§ SIR EARDLEY WILMOT
asked the First Lord of the Treasury, Whether, in the enforced absence of further proceedings in reference to the Suez Canal under the Resolution of the House on 31st July last, he will support the project of a Ship Railway from Pelusium to the Gulf of Suez, as advocated by eminent English engineers in 1859; and, whether he is aware that two Ship Bail-ways are now in course of construction in America, and of the feasibility of transporting the largest ships by Railway, vouched for by practical engineers of high standing?
, in reply, said, he could not have regard to the early part of the Question, because he thought that would be matter for argument, and he could not see what the exact measure of its accuracy was. He could not admit "the enforced absence." As to whether there was a state of things that would lead them to support the projects of a ship railway, no project of that kind could be said to be before the Government, although he had had a letter from a gentleman connected with the project, who wished the Government to enter into it. It was, no doubt, a most interesting scheme; but the precedent of the United States, to which the Question referred, did not go the whole length—that was, if he was correctly informed—suggested by the hon. Member. No attempt had been made in the United States to build a ship railway for ships of the tonnage of those that went through the Suez Canal. The subject was one of the very greatest interest; but it had not reached a stage at which they could give it their serious attention.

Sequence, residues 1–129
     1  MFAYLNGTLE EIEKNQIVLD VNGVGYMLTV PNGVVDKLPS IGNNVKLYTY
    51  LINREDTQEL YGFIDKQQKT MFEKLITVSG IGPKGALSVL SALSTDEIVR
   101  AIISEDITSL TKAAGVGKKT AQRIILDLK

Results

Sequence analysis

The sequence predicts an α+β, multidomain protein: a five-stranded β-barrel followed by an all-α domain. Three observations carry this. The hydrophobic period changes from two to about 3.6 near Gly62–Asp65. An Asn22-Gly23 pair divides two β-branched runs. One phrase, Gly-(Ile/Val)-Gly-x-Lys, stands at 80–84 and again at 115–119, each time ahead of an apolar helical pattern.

§ SIR EARDLEY WILMOT
asked, whether it was not within the power of this country to open up communication 470 between the two seas otherwise than by water?
, in reply, said, that was asking him a Question on a sudden which, perhaps, he should not be prudent in answering. But, at the same time, he had never heard of any limitation at all; although there might be a question for the authorities there, to establish their claim in respect to any communication.